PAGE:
Since the election of Donald Trump, one story has dominated global markets news: the trade war between China and the US.
As negotiations reached a critical phase last month, markets fluctuated as setbacks led to breakthroughs, only for talks to stall again.
But while investors are right to worry about currents of protectionism in the world’s two largest economies, they would do well to remain focused on the bigger picture.
Those who do will notice that, despite the worrying headlines, there are many reasons to be optimistic about China’s economic prospects.
The first reason is politics. As China and America’s aggressive trade stance filters through to the population of each country, the pressure to reach agreement will increase.
For Donald Trump, who faces poor approval ratings and relies on a loyal rump of support to keep impeachment at bay, it is imperative that the economy remains strong.
It is also important that his agricultural base – much of which relies on Chinese exports – doesn’t suffer too much at the hands of his trade policies.
Given a trade deal of some kind is in the interest of both parties, it is more likely than not that one will be achieved. And given the low valuation of Chinese shares, any progress in trade talks should result see a significant relief rally.
Also, there are some unexpected implications of the trade war that could have a beneficial impact over the longer term.
Though challenging for the Chinese government, trade wars have pushed it to coordinate monetary and fiscal policy more than ever before. The proactive stance, as evidenced by recent tax cuts for companies impacted by tariffs, bodes well for investors hoping for future pro-growth policies from the Chinese government.
The current trade imbroglio is a bump in China’s inevitable transition from an emerging to a developed economy
The value of Chinese equities has been driven down by negative headlines. But long-term investors looking beyond the news cycle will be rewarded with promising investment opportunities in a number of Chinese sectors.
These opportunities are arising as the fundamental nature of China’s economy changes; the most populous country in the world is no longer reliant on exports to drive rapid growth.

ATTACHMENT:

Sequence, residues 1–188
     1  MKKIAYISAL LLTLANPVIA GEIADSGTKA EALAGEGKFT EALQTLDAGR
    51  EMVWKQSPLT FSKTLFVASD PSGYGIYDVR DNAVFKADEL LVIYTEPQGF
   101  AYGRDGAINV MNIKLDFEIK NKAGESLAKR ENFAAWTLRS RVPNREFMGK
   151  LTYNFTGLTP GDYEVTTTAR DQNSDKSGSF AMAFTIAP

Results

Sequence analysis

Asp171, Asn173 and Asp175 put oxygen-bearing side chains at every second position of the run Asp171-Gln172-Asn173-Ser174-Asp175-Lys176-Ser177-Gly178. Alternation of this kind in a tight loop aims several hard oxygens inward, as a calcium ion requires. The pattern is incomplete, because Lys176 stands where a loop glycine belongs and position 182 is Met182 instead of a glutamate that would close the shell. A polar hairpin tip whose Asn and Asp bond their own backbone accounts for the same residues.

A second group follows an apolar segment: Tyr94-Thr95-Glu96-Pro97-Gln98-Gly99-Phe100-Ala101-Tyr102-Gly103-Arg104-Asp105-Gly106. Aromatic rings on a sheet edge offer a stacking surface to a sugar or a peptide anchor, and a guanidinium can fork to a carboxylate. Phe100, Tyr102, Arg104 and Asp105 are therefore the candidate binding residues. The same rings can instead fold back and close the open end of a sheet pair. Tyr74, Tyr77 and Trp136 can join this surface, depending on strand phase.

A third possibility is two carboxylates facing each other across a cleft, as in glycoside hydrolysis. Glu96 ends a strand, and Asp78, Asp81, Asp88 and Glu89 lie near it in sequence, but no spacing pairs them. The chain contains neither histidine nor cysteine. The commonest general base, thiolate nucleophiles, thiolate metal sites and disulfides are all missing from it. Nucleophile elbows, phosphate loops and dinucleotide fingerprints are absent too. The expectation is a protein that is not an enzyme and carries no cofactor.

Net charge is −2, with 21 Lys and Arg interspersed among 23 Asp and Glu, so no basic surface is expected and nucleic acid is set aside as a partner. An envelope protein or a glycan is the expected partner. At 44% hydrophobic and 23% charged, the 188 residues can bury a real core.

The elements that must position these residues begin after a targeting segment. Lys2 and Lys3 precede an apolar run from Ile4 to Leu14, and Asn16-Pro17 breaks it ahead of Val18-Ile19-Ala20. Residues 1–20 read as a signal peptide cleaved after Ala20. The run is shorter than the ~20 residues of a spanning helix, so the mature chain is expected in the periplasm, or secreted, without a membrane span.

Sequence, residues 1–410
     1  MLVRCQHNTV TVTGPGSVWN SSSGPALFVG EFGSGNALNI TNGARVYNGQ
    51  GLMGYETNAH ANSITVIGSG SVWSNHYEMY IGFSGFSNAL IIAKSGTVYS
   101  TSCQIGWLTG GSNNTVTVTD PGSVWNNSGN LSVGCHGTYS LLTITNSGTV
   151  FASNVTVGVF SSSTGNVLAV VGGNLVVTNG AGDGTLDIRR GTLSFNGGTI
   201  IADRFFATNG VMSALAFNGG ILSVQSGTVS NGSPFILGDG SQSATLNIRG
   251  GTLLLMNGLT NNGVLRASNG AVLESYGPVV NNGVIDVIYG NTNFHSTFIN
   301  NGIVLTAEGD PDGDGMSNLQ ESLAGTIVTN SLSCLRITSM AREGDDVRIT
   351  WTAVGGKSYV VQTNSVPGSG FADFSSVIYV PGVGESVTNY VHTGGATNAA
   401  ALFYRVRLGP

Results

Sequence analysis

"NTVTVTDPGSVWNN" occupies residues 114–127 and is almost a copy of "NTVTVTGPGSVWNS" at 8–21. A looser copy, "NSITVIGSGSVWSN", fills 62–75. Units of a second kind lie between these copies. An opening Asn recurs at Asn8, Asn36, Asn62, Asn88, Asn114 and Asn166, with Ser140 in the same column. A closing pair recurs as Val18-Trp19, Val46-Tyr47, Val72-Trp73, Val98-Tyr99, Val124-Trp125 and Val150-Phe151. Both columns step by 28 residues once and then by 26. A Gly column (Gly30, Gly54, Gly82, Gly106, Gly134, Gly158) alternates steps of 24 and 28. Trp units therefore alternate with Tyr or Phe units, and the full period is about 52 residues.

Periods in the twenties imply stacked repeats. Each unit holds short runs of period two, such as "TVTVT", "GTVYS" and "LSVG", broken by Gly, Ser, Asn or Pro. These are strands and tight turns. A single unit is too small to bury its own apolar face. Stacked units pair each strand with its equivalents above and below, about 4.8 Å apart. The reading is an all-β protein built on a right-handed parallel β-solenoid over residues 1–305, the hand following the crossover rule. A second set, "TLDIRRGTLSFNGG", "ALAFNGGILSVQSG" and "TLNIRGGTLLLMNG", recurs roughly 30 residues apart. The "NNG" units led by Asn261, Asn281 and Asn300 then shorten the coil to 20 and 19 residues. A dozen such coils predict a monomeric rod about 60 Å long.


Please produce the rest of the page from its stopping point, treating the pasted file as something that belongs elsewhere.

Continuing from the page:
Exports to the US today account for less than two per cent of its total GDP, down from nearly 10 per cent a decade ago.
In the last six years, domestic consumption has increased to 80 per cent from 50 per cent as a contributor to Chinese GDP growth.
Where negative sentiment resulting from trade wars has driven down valuations of domestic-services companies, there are now fantastic opportunities to buy quality stock at a discount.
Travel, education, e-commerce, leisure – all these sectors should benefit as China transitions from an emerging market to a developed economy.
Beyond China’s expanding service economy, investment opportunities are likely to arise from ambitious infrastructure projects.
The government’s Belt and Road initiative, for example, which aims to improve China’s connectivity to Africa and Europe by creating a twenty-first century Silk Road, is likely to create investment opportunities in commodities.
And when the initiative is complete, the benefits from an easing of trade will boost the Chinese economy for years to come.
The most important trend, however, is the country’s evolution from a manufacturing, export-based economy to a service-based one. And while this means slower growth in the long-term, it also means lower volatility.
As such it will remain an attractive investment prospect, even if for a different kind of investor.
The current trade imbroglio is a bump in China’s inevitable transition from an emerging to a developed economy.
Though undoubtedly painful, it doesn’t warrant losing faith in the fundamental strength of the world’s second biggest economy.